East Ramapo School District officials threatened legal action Monday against a second state agency, this time over criticism of its special-education placements.
East Ramapo officials are under scrutiny by at least two state agencies and defendants in a parent-driven lawsuit alleging that East Ramap School Board members are inappropriately directing public money to private school education, including placing Orthodox Jewish students into special-education programs run by yeshivas.
The district is also broke -- with budget deficits for two consecutive years -- and answered increasingly pressing state Education Department demands about its funds Wednesday.
On Dec. 19, the state sent East Ramapo officials a third notice saying officials were continuing to flout laws dictating the placement of special-education students.
In a firmly worded, 11-page response Monday, attorney David Butler wrote that the state's argument is dead wrong and that the state has "misapplied and misinterpreted" laws.
Butler wrote that officials would prefer to work out the issues rather than "resort to adversary proceedings" but may have no choice but "file a protective Article 78 appeal" if the state's December letter was a final action.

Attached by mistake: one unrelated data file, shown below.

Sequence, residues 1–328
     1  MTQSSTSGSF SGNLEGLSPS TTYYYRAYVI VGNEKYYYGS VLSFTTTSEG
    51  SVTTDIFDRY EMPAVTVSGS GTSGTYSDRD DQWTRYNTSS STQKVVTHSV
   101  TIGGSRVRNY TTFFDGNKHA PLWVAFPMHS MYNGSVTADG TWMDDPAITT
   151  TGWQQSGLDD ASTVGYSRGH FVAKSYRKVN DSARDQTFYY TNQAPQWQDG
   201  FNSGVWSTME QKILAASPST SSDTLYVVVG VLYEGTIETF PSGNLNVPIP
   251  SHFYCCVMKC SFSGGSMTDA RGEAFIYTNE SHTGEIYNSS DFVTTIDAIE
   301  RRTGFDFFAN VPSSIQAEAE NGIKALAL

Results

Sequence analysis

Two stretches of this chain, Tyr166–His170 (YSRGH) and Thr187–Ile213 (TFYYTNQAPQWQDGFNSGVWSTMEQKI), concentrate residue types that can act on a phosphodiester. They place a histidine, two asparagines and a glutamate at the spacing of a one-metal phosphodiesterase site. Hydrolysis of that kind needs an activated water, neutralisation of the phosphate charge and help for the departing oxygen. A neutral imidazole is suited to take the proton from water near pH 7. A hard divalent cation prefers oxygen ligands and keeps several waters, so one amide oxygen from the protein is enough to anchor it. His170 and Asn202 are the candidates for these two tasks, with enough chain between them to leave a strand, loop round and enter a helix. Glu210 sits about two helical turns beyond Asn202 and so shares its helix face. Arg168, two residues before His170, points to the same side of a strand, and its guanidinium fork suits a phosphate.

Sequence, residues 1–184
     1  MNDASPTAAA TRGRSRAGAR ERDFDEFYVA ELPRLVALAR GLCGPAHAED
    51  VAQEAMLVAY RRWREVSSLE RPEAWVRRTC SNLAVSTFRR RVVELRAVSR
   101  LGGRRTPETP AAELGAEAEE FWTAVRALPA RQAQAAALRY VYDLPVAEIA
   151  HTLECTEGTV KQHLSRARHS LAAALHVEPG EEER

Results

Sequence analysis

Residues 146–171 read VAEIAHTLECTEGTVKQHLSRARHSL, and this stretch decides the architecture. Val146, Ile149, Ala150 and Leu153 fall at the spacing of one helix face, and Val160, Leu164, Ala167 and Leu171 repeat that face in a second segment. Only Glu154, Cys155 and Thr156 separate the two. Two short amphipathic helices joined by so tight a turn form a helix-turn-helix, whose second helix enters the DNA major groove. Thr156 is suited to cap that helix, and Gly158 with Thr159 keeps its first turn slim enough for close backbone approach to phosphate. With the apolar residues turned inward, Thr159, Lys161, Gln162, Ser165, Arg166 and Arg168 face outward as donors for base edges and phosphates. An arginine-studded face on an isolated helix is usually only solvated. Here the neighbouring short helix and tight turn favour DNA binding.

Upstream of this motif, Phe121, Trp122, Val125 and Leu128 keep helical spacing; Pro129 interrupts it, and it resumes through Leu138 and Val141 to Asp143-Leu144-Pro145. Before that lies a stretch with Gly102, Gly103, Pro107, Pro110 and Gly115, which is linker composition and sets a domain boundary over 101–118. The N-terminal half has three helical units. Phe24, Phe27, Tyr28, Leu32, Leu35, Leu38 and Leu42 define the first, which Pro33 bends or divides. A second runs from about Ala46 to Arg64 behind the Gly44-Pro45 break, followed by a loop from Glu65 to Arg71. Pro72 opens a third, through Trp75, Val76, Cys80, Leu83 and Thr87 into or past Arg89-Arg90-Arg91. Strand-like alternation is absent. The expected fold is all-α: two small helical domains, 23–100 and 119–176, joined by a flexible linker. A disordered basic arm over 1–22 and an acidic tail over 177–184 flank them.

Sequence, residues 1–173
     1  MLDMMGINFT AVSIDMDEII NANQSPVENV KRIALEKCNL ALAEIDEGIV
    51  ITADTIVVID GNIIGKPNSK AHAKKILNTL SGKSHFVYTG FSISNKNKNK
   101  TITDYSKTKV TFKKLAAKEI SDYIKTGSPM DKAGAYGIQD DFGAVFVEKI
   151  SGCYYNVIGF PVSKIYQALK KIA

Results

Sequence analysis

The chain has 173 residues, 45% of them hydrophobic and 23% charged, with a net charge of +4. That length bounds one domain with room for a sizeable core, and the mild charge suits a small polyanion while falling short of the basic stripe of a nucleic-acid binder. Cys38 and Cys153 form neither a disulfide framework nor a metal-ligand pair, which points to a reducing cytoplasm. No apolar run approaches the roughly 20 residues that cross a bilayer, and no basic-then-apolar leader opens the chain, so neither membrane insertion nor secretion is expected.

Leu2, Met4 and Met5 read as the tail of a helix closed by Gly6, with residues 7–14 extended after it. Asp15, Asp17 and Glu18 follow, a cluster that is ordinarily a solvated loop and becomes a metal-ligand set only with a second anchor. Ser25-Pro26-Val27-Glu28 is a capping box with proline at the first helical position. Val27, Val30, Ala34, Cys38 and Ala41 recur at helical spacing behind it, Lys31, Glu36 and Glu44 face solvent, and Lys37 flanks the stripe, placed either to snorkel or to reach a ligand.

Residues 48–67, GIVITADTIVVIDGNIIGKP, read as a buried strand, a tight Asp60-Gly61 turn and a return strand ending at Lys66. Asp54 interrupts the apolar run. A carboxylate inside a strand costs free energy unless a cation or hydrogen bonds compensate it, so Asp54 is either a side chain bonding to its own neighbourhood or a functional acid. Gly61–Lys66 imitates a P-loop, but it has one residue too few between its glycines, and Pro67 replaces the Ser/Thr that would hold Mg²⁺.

In July 2012, the district filed suit against state Attorney General Eric Schneiderman, who is investigating claims of fraudulent appraisals in sales of two schools by the district.
In that suit, the district requested a court order allowing it to retain the attorneys it consulted with on the real estate transactions. In a July 12 letter to the two lawyers, the state attorney general told them that their representation in the investigation is a conflict of interest because they will be interviewed as witnesses in the case.
The attorney general has moved for dismissal of the case.
The state Education Department did not return a request for comment on Monday's letter. School Board president Daniel Schwartz declined to comment on the lawsuit. Schneiderman's office did not respond to a request for comment.